The Salaita Case and the "Two Cultures" of Academia

Yesterday, Inside Higher Ed published a provocative article, “A House Divided,” suggesting that attitudes toward the summary dismissal of controversial professor Steven Salaita by the University of Illinois may reflect the “enduring power” of C.P. Snow’s famous “two cultures” thesis.  Snow’s argument was that the academic world contains two distinctive and often conflicting cultures, that of the physical and natural sciences (today encompassed by the popular acronym STEM) and that of the humanities and social sciences.  “A majority of those who publicly support Salaita are in the humanities, while most of those who support [UIUC Chancellor Phyllis] Wise are scientists,” the article notes. “So the trend raises an interesting question to add to the conversation: What role does discipline play in how one interprets the Salaita case and others like it?”

“A significant one,” concludes IHE reporter Colleen Flaherty, whose customarily thorough and evenhanded approach makes the article important reading.  For example, Flaherty points out that an open letter supporting Wise’s decision to terminate Salaita’s contract was signed by 400 faculty members, the overwhelming number of them from STEM disciplines, while an opposing letter backing Salaita was signed by 330 faculty members, mostly from the humanities and social sciences.  A list of faculty members nationwide who have agreed to boycott UIUC to protest the Salaita decision includes 567 philosophers, but just 34 scientists.

According to some, the division is more apparent than real.  Cary Nelson, who supports the chancellor’s decision, claims that “an atmosphere of intimidation has left some humanists unwilling to support the university’s decision.”  A Salaita supporter, however, makes a similar argument from the other side, suggesting “that many professors, including those in STEM and the professional schools, have said they oppose the university’s decision but are unwilling to go public.”

Be that as it may, it is certainly clear that at least publicly the divide is real.  Flaherty’s article provides no single explanation, however.  She cites David Hollinger, a UC Berkeley history professor and former chair of AAUP’s Committee A, who tells her that

the Salaita split isn’t surprising, given that the history of American academe is full of disciplinary divides — although he noted that fault lines have shifted over time. In the McCarthy era, for example, he said, it was chemists and physicists who were accused of being leftists, while today’s notion of “liberal” humanists stem from the “culture wars” of the late 20th century.

Hollinger said the divide is mostly “epistemic.” While scientists work to uncover evidence in a relatively straightforward manner, he said, social scientists and humanists often work at the periphery of their fields to “advance” that evidence. He called the human sciences the “borderlands” of academe, outside the more quantitative, methodologically narrower STEM fields.

Neil Gross, a professor of sociology at the University of British Columbia and a visiting professor at Princeton University, argues that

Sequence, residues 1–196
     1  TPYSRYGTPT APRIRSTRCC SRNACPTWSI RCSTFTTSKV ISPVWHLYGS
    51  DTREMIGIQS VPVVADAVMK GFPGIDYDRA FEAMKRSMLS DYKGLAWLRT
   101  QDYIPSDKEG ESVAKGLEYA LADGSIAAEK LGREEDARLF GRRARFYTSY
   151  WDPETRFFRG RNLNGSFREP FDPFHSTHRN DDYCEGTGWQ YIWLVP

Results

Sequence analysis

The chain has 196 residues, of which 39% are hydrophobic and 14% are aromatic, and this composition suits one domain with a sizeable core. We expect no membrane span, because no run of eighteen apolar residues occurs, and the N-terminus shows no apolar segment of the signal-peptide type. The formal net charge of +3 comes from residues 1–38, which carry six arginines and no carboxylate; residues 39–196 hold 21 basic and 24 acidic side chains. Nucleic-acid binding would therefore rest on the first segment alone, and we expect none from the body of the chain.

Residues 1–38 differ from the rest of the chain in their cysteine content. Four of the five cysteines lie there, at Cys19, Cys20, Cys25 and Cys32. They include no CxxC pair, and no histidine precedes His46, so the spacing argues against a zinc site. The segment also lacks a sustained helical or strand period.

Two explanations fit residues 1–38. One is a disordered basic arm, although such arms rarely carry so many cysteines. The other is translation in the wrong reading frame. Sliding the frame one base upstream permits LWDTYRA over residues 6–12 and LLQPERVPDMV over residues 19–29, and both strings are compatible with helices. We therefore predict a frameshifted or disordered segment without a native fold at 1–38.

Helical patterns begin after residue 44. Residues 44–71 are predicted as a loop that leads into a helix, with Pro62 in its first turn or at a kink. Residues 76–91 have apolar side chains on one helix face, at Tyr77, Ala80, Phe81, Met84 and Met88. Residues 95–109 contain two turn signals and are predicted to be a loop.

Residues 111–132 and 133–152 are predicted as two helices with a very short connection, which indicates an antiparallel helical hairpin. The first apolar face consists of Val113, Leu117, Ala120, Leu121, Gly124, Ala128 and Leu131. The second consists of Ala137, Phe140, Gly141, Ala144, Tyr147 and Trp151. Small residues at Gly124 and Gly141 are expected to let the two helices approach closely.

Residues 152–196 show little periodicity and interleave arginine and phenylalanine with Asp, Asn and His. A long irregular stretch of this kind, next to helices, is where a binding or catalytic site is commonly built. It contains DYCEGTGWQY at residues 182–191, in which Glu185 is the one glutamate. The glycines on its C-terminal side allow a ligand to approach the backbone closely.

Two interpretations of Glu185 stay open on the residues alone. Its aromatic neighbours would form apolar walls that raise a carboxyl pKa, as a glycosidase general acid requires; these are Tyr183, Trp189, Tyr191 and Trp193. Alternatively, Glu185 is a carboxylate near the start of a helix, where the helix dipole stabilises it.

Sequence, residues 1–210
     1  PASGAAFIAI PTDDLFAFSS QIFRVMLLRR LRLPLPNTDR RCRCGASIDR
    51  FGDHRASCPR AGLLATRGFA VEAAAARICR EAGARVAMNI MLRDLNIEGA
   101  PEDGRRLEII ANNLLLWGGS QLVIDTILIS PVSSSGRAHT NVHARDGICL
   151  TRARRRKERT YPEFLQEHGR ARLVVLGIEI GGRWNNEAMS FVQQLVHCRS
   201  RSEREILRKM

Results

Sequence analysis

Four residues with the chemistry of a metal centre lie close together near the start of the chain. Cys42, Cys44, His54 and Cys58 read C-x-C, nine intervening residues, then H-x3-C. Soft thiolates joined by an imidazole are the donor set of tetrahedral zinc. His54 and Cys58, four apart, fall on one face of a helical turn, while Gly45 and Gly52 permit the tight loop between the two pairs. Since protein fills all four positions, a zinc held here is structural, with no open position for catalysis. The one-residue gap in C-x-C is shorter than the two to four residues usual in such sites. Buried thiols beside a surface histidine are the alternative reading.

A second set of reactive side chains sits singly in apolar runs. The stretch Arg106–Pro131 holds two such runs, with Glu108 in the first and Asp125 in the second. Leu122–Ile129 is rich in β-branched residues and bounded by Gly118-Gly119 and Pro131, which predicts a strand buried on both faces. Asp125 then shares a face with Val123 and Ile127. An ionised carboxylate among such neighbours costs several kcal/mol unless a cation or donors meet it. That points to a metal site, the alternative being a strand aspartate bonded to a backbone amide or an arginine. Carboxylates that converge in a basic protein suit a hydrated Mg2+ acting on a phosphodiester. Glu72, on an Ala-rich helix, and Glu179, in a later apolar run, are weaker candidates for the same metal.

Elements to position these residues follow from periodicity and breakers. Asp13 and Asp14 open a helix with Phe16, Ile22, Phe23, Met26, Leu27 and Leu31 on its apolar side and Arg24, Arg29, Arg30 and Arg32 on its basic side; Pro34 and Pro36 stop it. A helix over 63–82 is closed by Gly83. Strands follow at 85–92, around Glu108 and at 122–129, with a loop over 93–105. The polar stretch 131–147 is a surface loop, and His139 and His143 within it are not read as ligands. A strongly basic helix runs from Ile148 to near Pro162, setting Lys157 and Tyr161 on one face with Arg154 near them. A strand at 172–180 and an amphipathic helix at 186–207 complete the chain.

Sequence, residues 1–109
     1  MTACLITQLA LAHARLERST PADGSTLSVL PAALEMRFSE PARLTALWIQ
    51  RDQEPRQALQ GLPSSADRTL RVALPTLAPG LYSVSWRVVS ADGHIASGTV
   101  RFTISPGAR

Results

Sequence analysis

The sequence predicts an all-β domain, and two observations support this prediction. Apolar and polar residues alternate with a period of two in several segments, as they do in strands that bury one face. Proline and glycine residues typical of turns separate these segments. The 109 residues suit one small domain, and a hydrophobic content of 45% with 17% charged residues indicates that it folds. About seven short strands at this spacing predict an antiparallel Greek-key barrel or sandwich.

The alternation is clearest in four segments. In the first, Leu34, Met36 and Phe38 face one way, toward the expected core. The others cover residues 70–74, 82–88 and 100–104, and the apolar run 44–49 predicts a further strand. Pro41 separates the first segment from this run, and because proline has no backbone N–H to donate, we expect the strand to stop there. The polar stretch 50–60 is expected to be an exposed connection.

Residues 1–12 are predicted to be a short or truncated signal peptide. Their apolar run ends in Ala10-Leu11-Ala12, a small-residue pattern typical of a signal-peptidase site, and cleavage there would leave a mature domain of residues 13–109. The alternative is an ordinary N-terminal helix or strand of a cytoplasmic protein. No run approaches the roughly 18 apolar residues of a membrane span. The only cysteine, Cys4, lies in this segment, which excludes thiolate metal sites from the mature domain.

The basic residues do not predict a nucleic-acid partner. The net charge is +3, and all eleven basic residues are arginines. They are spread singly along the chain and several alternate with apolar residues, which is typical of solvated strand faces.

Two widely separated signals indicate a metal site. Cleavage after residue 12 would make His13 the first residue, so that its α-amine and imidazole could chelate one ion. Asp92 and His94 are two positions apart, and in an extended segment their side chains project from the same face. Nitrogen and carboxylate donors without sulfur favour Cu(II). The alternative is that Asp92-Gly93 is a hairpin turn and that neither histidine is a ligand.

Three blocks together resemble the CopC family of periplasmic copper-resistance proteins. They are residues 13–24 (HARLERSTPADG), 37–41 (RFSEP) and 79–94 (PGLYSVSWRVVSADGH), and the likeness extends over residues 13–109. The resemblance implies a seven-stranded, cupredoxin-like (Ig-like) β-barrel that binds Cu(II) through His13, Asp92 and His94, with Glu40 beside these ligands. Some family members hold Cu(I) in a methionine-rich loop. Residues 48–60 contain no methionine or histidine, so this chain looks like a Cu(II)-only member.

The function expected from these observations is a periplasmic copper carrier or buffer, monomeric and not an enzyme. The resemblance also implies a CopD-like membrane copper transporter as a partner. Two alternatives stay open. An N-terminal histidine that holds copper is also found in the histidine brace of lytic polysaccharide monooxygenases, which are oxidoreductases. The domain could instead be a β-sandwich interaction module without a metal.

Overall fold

the two “cultures” or “families” phenomenon stems from different understandings of the academic role, and of where to draw the “boundaries” around academic freedom.

“At some points in the history of our country, natural scientists in the university have been outspoken, publicly engaged intellectuals, but more often they have seen their job to be that of impartially discovering and disseminating scientific fact,” Gross added via email. “Few natural scientists would want to impose such a vision of the academic enterprise on the humanities, where it wouldn’t make sense.”

These and other explanations offered in the article are, of course, not necessarily contradictory, and there can be little doubt that multiple factors are at work here.  But I think such “cultural” and methodological distinctions tell only part of the story and at least one highly consequential element is missing from Flaherty’s report — money!

While surely a simple economic determinism would be distorting, it should still be clear that the epistemic and cultural divide between the “hard” sciences and the humanities cannot be easily disentangled from a noticeable financial divide, one which sometimes approaches a veritable chasm.  Money, I think, may impact the division between the “two cultures” in two interconnected ways.  First, the largely higher salaries paid to most STEM faculty compared to the much lower remuneration earned by those in the humanities, especially at research institutions, may tend to lead those in the former group to become more satisfied with (or be more invested in) the status quo and established “leadership.”  Surely this factor plays a role in another instance in which scientists and humanists may frequently differ: efforts to organize faculty unions often gain significantly greater support among humanists and social scientists than among STEM faculty, although this is hardly guaranteed.

Second, over the past few decades STEM faculty have grown significantly more dependent on outside research grants and donations than have faculty in the humanities and social sciences, again especially at research institutions.  Indeed, the practice of compelling faculty members to raise significant portions of their own salaries through grants, a practice previously confined to medical schools, has now begun to spread to other STEM fields.  I don’t think it denigrates these faculty members to suggest that such arrangements may tend to make them more accommodating to administrators who actively support their research and more wary of offending potential granting sources and university donors.  That grants and donations in the sciences are most often significantly larger than those offered to humanists is another factor.  It is hardly a coincidence that at UIUC Chancellor Wise is a biologist and that, as Flaherty notes, there is a widespread perception that in recent years university resources have been flowing disproportionately to STEM fields, a common perception at many other institutions as well.